If you look above the accessible fare gates at many of the SkyTrain stations, you’ll see a white rectangular panel. This panel is an RFID reader which will be able to detect a person who has a special card. If it senses this special card, it will open an accessible fare gate.

A new RFID reader installed at Main Street – Science World SkyTrain Station. Part of TransLink’s Universal Fare Gate Access Program. Select image to enlarge.

About 40% of SkyTrain stations now have these new RFID readers, and this new universal access system is scheduled to be fully rolled out by the end of 2018. According to a recent TransLink report, the agency’s management is now seeking board approval to start rolling out their “Universal Fare Gate Access Program.”

People who will be eligible for the program must meet the following criteria:

Resident of [Metro Vancouver] who is a person who travels independently and due to a disability, confirmed by a medical practitioner, is physically not able to tap fare media, without assistance, at a Compass Fare Gate, to use conventional SkyTrain and SeaBus.

TransLink management hopes that by starting the rollout of this program before the RFID readers are fully functional, they will be able to better tune the system based on the number of people that enroll in the program.

Our SkyTrain system used to be barrier-free, and over the years, TransLink worked to make the system fully accessible. When the fare gates were closed, accessibility was reduced which is unacceptable. Bringing back independent access for transit customers is critically important. I’m happy to see that TransLink is taking this matter seriously.

Tuesday, December 12, 2017

December 11, 2017 Council Meeting Notes: City's own GHG emissions down, plus 48 Avenue sewer replacement moving forward.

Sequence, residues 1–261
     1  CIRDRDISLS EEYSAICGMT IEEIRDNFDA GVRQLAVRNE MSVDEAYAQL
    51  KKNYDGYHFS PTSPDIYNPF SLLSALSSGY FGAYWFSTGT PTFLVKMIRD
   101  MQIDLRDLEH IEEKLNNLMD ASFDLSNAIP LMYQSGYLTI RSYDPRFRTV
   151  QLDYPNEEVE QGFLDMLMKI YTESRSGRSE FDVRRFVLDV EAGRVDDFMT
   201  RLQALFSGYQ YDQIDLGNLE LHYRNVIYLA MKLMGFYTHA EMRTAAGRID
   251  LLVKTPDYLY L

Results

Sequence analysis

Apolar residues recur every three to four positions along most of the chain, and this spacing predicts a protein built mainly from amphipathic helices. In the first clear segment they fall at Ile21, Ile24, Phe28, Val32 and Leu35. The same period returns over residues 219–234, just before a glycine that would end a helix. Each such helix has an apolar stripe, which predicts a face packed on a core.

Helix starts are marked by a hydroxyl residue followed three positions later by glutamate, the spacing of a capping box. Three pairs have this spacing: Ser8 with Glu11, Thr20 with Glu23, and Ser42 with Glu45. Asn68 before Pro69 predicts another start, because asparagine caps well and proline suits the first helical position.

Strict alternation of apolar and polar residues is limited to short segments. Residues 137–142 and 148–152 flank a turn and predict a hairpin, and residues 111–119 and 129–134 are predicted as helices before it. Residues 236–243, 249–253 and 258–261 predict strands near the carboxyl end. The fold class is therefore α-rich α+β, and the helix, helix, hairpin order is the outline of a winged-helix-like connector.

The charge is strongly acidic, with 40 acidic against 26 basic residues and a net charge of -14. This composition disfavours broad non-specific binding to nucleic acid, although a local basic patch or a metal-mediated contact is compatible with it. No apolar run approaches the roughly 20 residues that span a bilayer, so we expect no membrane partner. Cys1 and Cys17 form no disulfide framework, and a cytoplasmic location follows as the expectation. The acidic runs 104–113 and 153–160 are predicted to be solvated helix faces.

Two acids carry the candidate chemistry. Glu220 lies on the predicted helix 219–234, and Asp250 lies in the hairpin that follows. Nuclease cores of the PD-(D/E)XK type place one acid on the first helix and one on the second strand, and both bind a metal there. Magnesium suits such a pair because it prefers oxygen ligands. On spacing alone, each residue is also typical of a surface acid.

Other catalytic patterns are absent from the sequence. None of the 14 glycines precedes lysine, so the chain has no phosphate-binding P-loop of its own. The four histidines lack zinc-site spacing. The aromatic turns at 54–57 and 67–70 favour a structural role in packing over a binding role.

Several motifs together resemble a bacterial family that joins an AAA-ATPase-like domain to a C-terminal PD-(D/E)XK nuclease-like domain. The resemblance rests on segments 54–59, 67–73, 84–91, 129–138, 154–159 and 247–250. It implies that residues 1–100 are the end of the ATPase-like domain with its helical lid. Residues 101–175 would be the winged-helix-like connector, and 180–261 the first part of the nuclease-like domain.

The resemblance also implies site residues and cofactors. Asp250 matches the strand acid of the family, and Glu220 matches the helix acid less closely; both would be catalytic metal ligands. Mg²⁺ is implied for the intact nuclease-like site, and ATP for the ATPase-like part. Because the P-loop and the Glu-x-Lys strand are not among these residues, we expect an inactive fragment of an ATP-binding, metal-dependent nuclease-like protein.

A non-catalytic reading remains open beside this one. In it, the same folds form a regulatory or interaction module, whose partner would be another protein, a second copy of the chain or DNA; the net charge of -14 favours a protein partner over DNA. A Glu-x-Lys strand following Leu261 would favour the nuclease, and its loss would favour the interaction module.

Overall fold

Last night was the final Langley City council meeting of 2017. Two of the major items on the agenda were the receipt of the 2016 Corporate Energy and Greenhouse Gas Emissions (GHG) Inventory, and tendering a contract to replace a section of sanitary sewer between 208 and 210 Street along 48 Avenue.

Langley City is a signatory to the BC Climate Action Charter. As such, we are committed to reduce our own GHG emissions by 134 tonnes between 2008 and 2018. The major incentive of being a signatory to the BC Climate Action Charter, and reducing GHG emissions, is that the City receives a 100% refund of any carbon tax that it pays.

The City has met its original target of reducing direct GHG emissions by 134 tonnes. The following table shows the year-over-year reduction throughout the last eight years. Most of the reductions in GHG emissions have been obtained by making municipally-owned buildings more energy efficient. There is still work to be done to make our vehicle fleet less GHG intensive.

Langley City direct GHG emissions. 2008 – 2016 Tonnes CO2e. Select chart to enlarge.

The City must also report GHG emissions from contacted services. In 2016, contact services added an additional 128 tonnes of CO2e emissions to our bottom line.

Some of the 2017 projects that the City is working on to further reduce GHG emissions include:

  • City Hall LED Lighting Retrofits
  • LED Streetlight Replacement (203 Street, 56 Avenue)
  • Vehicle Replacement (Plug-in Hybrid)

Over the next several years, the City will be replacing 100% of municipally-owned streetlights with LED lights. City staff is also developing a new 10-year GHG reduction plan.

Council also approved awarding a $495,000 contract to PW Trenchless Construction Inc. for the 48 Avenue sanitary sewer replacement.